The growing concern around suicide in mental health settings has prompted clinicians, estates professionals and specifiers to assess ligature risks.
This has resulted in the production of anti-ligature products in rooms that are occupied by vulnerable individuals.
The main aim of these products is to reduce the risk posed by Service Users tying a cord around a potential ligature point, causing damaging harm to themselves.
As a topic, suicide doesn’t make for particularly comfortable reading, but we hope these statistics will help deliver the message that anti-ligature products are an essential investment for your mental health setting.
So, without further ado, let’s look at some of the surprising statistics surrounding ligatures.
1. Approximately Three-Quarters Of Patients Who Die By Suicide On Psychiatric Wards Do So By Hanging/Strangulation.
A national study-carried out in 2012-found that of the 448 suicides that occurred on psychiatric wards, 77% were by hanging.
Despite this statistic being seven years old, we get an idea as to why a need to assess ligature risks has arisen in recent years.
2. The Most Common Ligature Points
The same study highlighted that the common ligature points were doors, hooks/handles and belts or sheets/towels. Use of shoelaces, doors and windows increased over time.
As a specifier, we recommend that you take measures to minimise the opportunity for Service Users to tie ligatures around any of the points highlighted above. This can be achieved through careful consideration of the furniture and fixings that you choose.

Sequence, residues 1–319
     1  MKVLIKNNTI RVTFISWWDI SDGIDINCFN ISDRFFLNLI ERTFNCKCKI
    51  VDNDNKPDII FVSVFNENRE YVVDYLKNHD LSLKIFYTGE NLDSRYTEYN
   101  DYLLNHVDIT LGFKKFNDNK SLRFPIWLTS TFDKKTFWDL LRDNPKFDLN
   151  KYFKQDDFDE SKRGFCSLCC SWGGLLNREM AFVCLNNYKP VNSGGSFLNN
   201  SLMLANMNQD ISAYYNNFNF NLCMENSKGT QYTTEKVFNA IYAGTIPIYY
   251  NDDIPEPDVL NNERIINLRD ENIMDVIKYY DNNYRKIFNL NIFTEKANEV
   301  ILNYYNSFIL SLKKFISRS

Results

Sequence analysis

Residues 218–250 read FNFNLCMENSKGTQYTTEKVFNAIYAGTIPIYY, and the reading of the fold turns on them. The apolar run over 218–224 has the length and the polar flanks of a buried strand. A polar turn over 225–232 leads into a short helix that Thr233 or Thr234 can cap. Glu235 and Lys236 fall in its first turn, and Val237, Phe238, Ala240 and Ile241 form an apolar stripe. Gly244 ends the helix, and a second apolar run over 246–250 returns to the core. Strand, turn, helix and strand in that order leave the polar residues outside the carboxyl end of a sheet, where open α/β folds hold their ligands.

3. Hanging in Prisons
This statistic shows the distribution of hanging/self-strangulation deaths among prisoners in custody in England and Wales in 2018, by the ligature used. As you can see, the majority of such suicides were enabled by the use of bedding materials.
4. Suicide Rates in Mental Health Facilities Are Falling
In 2006, the National Confidential Inquiry into Suicide and Safety in Mental Health (NCISH) identified over 1,300 patient suicides a year.
Over the four years since the 2006 inquiry, in-patient suicided dropped from 166-155 (31%).
However, in the nine years since 2010, the reduction has become much more modest and has only fallen by 8%.
5. Suicide By Hanging Is More Common In Men
The Care Quality Commission found that suicide accounted for 55% of male suicides and 42% of female suicides.
The report went on to advise providers to be aware of the ligature risks in their premises, as hanging was the most common suicide method.
The disparity between men and women is often something that is raised within the media, suggesting that more needs to be done to understand why there is such a disproportion.
Conclusion: Looking At The Bigger Picture
Of course, it’s not just a case of room design. Measures need to be put in place to ensure that suicide is addressed appropriately and effectively. This is highlighted in the below graphic by NCISH
Patient well-being and comfort should be a priority not to be ignored. With that in mind, the correct specification of anti-ligature products will allow higher-risk Service Users a level of independence that’s not been obtainable in the past.
If you’d like to explore some of our anti-ligature products that are designed with patient well-being in mind, talk to one of our experts today.
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